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United States. Office of Indian Affairs / Annual report of the commissioner of Indian affairs, for the year 1863
([1863])

Northern superintendency,   pp. 427-434 PDF (3.8 MB)


Page 428

428                 NORTHERN SUPERINTENDENCY. 
Saint Paul, was selected as the most convenient rendezvous for the contracting
parties, as it was nearly equidistant between the Red Lake and Pembina In-
dians, and some time before I left Saint Paul messengers had been despatched
to notify the chiefs and principal men of those Indians- to meet the commissioners
at this point. Accordingly the Red Lake Indians were already encamped on
the 
ground, this unexpected punctuality being doubtless due to the personal super-
vision of my associate, Mr. Morrill, who had accompanied them from Red Lake,
and who was now awaiting my'arrival. 
The Pembina Indians, however, had not yet arrived, and it was determined
to postpone the opening of negotiations till they came in, as I deemed it
import- 
ant, for obvious reasons of policy and convenience, to unite both communities
in one treaty, and to avoid, if possible, the separate negotiations to which
it was 
found they were inclined. 
. On the next day, Tuesday, the Pembina Indians arrived in greater numbers
than had been anticipated, bringing in their train as parties to the business
in 
hand nearly all the half-breed population of Pembina and Saint Jfoseph, whose
attendance was not expected or desired at all. I had explicitly instructed
the 
messengers sent to summon the Indians to the rendezvous, that I desired the
attendance only of their chiefs and principal men-though it was hardly ex-
pected this injunction would prevent the Indians bringing their families.
By an enumeration carefully taken on the 28th day of September, as a basis
for the distribution of provisions, there were found to be present as the
guests of 
'the government-men, women, and children-of the Red Lake bands, 579 In- 
dians, 24 half-breeds; and of the Pembina bands, 352 Indians, and 663 half-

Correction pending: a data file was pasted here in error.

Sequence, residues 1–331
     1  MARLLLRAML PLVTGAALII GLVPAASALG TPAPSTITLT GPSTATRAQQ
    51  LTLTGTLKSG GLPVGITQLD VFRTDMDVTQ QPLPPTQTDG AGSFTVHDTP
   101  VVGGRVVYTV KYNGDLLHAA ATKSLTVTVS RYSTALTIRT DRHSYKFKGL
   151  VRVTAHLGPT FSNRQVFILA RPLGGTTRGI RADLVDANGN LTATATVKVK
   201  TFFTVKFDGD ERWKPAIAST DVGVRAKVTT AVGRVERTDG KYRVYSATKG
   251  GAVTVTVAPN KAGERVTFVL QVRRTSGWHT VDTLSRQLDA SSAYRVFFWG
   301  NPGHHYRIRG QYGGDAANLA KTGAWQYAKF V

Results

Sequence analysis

breeds, or 1,618 Indians and half-breeds in all-not more than a hundred of
whom at furthest would strictly come within the actual terms of my invitation.
It will be seen that nearly two-thirds of the whole Pembina delegation were
half-breeds, who came unbidden under color of their relationship to the Indians,
to billet themselves upon the hospitality of the government, and probably
to 
appropriate the lion's share of whatever presents or provisions might fall
to the 
lot of their Indian friends. The messenger or agent who had been authorized
to furiiish subsistence for the Pembina Indians on their wa.y to the treaty
ground gave as his excuse for bringing so large a number of uninvited guests
that the Pembina Indians are completely under the control of their half-breed
relatives, and could not have been induced to come unless accompanied by
the 
latter, who have long been accustomed to consider themselves, to a certain
ex- 
tent, the real owners of the soil, $and as having even a greater interest
in any 
treaty for its purchase than its far less numerous or powerful aboriginal
occu- 
pants. 
It was now too late, as it would obviously have been impolitic at this juncture
to have disputed this pretensioi; and it became necessary, therefore, to
provide 
them with subsistence. from our inadequate stores, hoping, by an expeditious
despatch of business, to accomplish the objects in view before exhausting
our 
stock of provisions, which, of course, could not have been replenished at
that' 
distance from the source of supply. Another powerful motive for hastening,
the negotiations. to as rapid a conclusion as possible was the lateness of
the 
season, the heavy frosts which were unusually early and severe, even for
this 
northern latitude, having already nearly destroyed the grass on Which the
animals of our cavalry escort and, supply train depended mainly for forage.
:Fortunately the Indians themselves were equally anxious to return home in
time to prepare for the coming winter, and they evinced as much disposition
to 
press the business before them to a speedy conclusion as could reasonably
have 
been expected, considering the laggardness, timidity, and indecision which
ordinarily characterize their deliherations. 
Accordingly, on Wednesday, the third day after my arrival, we held our first
general council, a report of which, as of all subsequent proceedings, carefully
p~repared" by the secretary of the commission, will be found in= the
annexed 


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